Visiting Scholar Fabrizio Nevola presents his research.
Italian Renaissance scholarship in most fields has tended to concentrate on the example of Florence (and to a lesser extent on Rome and Venice), so that we have a clear and minutely analysed picture of the process of stylistic and architectural transformation of that city, absent for many other urban centres. A result of this bias is that the paradigm shift expressed in the stylistic change from ‘gothic’ to ‘all’antica‘ style architecture and its consequent effect on reconfiguring the ‘medieval’ to the ‘Renaissance’ city, is all too often described in terms defined by an exclusively Florentine model. Building on primary visual and archival research carried out during the past years, I have considered Siena as a case example through which to challenge traditional interpretations of Renaissance changes in architecture. Rather than view such ‘shifts’ as being exclusively stylistic phenomena, I have described them as synchronic with, if indeed not dependent upon, comparably momentous socio-political changes occurring during the period. Moreover, I also argue that the urban fabric, and the architecture which defines it, was produced with the conscious aim of creating an individual or collective/civic identity. Thus I show that Siena’s reception of classical sources and ideals for architecture and town planning were intentionally expressed in a manner different to that of its Italian neighbours.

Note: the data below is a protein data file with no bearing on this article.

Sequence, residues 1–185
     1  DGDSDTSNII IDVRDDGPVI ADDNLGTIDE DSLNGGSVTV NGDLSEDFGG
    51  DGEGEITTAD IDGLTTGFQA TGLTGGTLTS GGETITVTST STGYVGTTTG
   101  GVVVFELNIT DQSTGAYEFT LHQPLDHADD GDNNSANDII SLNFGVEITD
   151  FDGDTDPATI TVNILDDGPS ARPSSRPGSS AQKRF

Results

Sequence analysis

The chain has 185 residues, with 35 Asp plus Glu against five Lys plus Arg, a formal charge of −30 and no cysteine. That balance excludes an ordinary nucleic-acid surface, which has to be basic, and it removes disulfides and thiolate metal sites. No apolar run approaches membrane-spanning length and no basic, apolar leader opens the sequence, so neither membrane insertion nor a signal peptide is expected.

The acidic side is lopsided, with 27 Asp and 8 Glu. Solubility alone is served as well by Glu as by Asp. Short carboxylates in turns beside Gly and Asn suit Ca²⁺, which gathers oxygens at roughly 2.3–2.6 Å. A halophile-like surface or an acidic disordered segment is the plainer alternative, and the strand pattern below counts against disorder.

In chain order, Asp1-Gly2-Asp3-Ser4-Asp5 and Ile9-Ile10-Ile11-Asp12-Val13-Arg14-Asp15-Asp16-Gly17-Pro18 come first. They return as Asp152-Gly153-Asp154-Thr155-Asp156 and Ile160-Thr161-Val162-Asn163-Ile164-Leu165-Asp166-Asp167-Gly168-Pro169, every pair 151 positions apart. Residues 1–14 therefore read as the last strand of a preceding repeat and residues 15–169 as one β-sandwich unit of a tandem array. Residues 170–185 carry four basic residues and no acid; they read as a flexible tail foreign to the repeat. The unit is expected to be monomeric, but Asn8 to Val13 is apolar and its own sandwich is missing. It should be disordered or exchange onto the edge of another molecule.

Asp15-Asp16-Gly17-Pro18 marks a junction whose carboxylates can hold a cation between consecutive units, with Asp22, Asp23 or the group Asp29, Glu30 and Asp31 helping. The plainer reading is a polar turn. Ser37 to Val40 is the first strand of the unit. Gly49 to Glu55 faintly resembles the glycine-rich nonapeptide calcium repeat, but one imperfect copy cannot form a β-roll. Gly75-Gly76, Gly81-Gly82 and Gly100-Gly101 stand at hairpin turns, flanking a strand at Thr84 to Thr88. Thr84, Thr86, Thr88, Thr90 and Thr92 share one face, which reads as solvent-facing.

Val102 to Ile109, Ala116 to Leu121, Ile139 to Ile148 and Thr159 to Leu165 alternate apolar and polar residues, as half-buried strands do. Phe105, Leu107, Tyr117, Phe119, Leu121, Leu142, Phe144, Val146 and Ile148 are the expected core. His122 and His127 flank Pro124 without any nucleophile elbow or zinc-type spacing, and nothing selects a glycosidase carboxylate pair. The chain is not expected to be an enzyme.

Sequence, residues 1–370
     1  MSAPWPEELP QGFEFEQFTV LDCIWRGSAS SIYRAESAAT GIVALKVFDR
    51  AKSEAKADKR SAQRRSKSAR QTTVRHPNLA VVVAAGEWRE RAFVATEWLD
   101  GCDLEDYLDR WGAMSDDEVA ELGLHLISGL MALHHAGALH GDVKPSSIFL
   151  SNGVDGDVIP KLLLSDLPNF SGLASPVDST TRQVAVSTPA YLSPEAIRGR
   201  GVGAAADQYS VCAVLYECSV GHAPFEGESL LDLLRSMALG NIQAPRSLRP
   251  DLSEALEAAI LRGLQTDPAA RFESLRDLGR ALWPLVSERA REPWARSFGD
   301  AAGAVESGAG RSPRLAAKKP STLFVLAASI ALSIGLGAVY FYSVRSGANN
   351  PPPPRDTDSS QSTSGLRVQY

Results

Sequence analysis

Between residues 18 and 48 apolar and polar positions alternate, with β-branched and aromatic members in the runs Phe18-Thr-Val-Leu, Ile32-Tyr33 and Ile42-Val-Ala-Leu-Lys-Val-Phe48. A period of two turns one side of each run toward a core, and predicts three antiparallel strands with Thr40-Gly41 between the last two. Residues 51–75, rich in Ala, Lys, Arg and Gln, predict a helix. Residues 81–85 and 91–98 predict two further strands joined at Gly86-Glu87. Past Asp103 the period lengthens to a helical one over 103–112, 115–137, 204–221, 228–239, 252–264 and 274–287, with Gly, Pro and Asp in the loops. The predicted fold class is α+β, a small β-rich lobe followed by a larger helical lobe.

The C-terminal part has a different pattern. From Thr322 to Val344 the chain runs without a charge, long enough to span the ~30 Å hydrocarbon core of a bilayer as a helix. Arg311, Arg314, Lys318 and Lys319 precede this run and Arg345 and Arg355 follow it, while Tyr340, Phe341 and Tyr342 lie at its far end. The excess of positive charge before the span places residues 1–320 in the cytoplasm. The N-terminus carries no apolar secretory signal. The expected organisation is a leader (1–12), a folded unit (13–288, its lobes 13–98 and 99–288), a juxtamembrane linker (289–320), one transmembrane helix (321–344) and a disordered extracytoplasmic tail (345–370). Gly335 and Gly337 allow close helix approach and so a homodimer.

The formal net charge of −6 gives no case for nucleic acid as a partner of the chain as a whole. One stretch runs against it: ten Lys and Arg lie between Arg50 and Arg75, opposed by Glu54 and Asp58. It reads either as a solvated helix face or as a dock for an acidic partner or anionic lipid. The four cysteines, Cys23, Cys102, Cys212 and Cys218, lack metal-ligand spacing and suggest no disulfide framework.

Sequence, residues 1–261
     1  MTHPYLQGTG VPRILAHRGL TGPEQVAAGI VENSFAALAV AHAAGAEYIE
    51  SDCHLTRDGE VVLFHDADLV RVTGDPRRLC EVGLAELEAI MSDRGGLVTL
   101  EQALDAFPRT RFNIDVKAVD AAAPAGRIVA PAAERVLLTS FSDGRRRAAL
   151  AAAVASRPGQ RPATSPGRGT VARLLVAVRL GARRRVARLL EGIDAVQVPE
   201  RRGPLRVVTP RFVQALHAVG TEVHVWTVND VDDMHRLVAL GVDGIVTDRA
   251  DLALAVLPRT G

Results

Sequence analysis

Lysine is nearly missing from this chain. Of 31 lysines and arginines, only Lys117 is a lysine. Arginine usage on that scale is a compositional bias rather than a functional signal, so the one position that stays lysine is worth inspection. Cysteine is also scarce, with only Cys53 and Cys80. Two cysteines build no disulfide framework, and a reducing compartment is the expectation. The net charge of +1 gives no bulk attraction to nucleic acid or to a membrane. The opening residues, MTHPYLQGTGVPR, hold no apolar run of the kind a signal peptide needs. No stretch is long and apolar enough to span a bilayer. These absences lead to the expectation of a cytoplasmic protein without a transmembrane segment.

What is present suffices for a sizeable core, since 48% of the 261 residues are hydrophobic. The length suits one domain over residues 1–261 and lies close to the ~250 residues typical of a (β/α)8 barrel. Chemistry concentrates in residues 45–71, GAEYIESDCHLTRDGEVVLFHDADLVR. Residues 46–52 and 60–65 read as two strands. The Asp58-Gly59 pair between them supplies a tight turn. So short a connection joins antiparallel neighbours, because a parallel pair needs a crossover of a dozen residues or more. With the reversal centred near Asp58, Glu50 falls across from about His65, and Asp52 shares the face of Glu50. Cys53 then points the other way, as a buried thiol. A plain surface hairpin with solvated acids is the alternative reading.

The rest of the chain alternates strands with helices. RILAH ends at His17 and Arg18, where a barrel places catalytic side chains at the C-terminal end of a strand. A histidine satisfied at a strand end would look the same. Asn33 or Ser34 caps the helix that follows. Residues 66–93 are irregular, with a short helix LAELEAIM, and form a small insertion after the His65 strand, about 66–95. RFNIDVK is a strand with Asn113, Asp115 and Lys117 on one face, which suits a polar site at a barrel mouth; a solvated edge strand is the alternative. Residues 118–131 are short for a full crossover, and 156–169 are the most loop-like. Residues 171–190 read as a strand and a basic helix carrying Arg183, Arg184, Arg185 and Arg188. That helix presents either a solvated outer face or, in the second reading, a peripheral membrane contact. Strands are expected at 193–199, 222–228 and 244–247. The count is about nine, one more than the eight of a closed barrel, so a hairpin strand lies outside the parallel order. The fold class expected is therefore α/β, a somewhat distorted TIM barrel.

Fabrizio Nevola received his PhD from the Courtauld Institute of Art in London in 1998 with a thesis entitled “Urbanism in Siena (c.1450-1512). Policy and Patrons: Interactions between Public and Private.” One aim of this work was to take a fresh look at changes to architecture and urban form in Siena during the late-fifteenth and early sixteenth century by viewing these shifts against concurrent socio-political changes. Nevola has been a lecturer in Renaissance Architecture at Syracuse University in Florence. Over the past year he was a research fellow on the Medici Archive Project, working in Florence on sixteenth century Medici patronage. He has published his research in a series of forthcoming articles dealing with site, setting and urbanism in Siena, including contributions to The Italian City and Ritual Space, to be published by Cambridge University Press, and Siena in the Renaissance, to be published by Ashgate Press.
Fabrizio Nevola was a Visiting Scholar at the CCA in 2000-2001.
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